Tuesday, 20 February 2018

Capital Markets Authority Warn Kenyans on Crypto Investment Risk



The Capital Markets Authority (CMA) of Kenya has issued a warning on the risks of cryptocurrency and ICO investments.

In a statement to the public that investment in cryptocurrencies, including initial coin offerings (ICOs) and futures tied to digital currencies, are not insured by the government.

As a result, CMA warns investors to be cautious.

“The ongoing offerings are unregulated and speculative investments, with considerable risk to the investor. Some of the risks as identified by the International Organisation of Securities Commissions, which Kenya is a member of include:
Heightened potential for fraud
Cross-border distribution risks
Information asymmetry and
Liquidity risks.”

“Members of the public are therefore, urged to exercise caution before participating in any ICO lacking regulatory sanction.



However, CMA is well aware of the “Importance of Fintech and the benefits that can be derived from leveraging on blockchain technology and is willing to work with interested parties through the already established Sane Box Model for purposes of supporting innovative Fintech products ina  controlled and safe environment.”

In 2017, Dr. Patrick Njoroge, Governor Central Bank of Kenya (CBK) said it might be a ‘ponzi scheme’.

“We warned everybody that this was a risky venture and the consumer is not protected,” Dr Njoroge said in November at a media briefing. “It could very well be a Ponzi scheme of a kind, I think you have seen how the prices have gone up and down in various places.”

However, “These cryptocurrencies are using a technology known as blockchain. There may be a future for blockchain. We are working with our peers around the world on things that could lead to using this technology in particular ways,” Njoroge said.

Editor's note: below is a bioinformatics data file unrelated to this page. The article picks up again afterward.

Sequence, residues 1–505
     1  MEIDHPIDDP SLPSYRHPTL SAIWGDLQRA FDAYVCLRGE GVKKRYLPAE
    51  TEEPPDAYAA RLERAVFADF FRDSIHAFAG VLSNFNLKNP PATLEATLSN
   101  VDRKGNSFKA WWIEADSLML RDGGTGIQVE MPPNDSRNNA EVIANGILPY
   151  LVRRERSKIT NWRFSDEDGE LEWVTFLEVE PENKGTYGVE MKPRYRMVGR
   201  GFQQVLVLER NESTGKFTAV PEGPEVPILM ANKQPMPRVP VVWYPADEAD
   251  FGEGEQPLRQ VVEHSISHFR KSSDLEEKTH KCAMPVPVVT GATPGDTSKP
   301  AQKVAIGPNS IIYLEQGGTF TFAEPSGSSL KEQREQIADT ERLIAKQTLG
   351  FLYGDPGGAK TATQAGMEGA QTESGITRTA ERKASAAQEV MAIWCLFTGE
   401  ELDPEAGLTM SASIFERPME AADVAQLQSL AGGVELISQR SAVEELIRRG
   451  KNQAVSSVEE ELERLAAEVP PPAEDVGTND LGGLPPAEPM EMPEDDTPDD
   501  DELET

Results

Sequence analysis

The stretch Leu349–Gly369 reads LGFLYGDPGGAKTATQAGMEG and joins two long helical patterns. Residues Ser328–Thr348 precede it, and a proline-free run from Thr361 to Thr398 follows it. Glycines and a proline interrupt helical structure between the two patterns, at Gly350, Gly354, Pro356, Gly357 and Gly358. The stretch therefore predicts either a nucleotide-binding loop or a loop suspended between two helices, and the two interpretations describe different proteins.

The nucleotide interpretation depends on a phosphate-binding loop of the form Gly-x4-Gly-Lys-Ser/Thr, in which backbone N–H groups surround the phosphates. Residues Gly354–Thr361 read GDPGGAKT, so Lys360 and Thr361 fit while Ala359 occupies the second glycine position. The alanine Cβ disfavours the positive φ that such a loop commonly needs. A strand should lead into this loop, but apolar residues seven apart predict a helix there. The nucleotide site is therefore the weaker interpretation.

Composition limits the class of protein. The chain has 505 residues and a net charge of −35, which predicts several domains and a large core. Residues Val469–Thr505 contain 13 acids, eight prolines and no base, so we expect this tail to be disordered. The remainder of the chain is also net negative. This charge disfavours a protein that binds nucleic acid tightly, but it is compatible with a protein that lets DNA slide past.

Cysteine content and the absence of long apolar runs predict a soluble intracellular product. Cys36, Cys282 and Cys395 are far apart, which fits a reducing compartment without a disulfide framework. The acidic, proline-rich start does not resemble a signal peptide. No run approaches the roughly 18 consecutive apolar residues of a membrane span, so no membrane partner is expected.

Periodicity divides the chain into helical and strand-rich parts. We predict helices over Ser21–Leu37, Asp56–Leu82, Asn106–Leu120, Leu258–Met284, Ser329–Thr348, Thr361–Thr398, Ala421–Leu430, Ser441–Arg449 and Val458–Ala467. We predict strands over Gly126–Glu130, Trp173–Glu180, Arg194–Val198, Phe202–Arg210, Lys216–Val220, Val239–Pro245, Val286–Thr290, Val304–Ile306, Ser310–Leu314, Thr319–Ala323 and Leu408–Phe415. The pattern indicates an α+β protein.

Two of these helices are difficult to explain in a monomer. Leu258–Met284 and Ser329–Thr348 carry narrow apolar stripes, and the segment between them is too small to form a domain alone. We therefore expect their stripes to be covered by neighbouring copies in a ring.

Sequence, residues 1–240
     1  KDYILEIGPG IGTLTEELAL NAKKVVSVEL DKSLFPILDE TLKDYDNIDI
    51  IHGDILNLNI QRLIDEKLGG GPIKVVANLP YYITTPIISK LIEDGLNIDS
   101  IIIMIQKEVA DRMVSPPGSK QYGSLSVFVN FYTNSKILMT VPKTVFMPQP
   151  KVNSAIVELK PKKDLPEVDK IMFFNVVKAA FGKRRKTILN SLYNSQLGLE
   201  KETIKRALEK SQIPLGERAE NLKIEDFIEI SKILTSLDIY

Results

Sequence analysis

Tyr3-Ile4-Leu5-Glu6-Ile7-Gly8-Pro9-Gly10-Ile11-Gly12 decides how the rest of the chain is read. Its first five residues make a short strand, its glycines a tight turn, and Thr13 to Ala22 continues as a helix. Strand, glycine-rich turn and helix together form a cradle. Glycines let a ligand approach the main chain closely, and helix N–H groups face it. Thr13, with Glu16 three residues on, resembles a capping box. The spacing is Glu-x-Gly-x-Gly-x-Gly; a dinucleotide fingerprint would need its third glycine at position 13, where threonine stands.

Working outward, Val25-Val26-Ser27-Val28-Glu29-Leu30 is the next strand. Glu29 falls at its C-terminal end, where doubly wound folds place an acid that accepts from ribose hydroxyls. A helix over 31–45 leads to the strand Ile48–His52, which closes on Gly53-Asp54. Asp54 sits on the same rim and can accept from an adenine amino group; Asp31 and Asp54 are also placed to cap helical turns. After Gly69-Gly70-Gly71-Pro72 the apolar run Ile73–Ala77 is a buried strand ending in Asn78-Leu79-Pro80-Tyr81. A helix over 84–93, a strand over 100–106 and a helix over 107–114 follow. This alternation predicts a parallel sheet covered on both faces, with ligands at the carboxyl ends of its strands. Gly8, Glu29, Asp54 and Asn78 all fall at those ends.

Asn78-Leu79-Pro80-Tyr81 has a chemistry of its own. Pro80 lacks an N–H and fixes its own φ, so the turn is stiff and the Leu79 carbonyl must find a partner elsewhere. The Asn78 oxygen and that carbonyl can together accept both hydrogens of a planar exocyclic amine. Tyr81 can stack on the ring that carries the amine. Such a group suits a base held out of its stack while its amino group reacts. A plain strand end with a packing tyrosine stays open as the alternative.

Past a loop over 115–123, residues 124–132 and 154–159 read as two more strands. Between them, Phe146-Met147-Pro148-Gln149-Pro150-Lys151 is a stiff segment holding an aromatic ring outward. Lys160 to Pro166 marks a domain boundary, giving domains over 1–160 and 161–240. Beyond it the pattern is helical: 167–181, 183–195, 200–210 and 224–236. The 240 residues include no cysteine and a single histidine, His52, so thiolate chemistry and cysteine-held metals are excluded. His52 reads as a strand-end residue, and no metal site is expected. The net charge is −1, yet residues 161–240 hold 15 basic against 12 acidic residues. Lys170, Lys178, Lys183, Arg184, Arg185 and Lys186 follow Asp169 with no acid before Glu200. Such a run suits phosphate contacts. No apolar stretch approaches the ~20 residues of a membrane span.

In 2015, CBK warned that “Transactions in virtual currencies such as bitcoin are largely untraceable and anonymous making them susceptible to abuse by criminals in money laundering and financing of terrorism.”

The latest developments is an impediment to Isaac Muthui, a computer science graduate who has launched a cryptocurrency named nurucoin aimed at increasing trade among Africans.

Nurucoin is a Ksh 15 Million investment developed using ethereum’s blockchain.

“Nuru coin offers a comprehensive Intra-African trading platform complete with its own integrated payment system,” reads its website. It is powered by Blazebay, currently in pilot phase and moving to the blockchain.



Friday, 16 February 2018

Kenya Needs a Centralised Information Database For its SMEs

Maasai women make, sell and display their bead work in Kajiado, Kenya. 2010. Photo: © Georgina Goodwin/World Bank

A centralised information database will enhance efficiency in planning, capacity building and providing support for Kenya’s Small Medium Enterprises.

“We need to have databases of the SMEs, their products. A centralized database will help give lenders information on prospective clients. SMEs must also be empowered in terms of capacity building,” said Ms. Ibukunoluwa Odegbaike the Managing Director of Guaranty Trust Bank, East Africa.

Ibukun Odegbaike said there are a lot of opportunities for regional trade between Kenya and the East African Community member states and also within the wider international trade arena.

For this to be achieved, she urged the SME sector to pool resources together to compete internationally.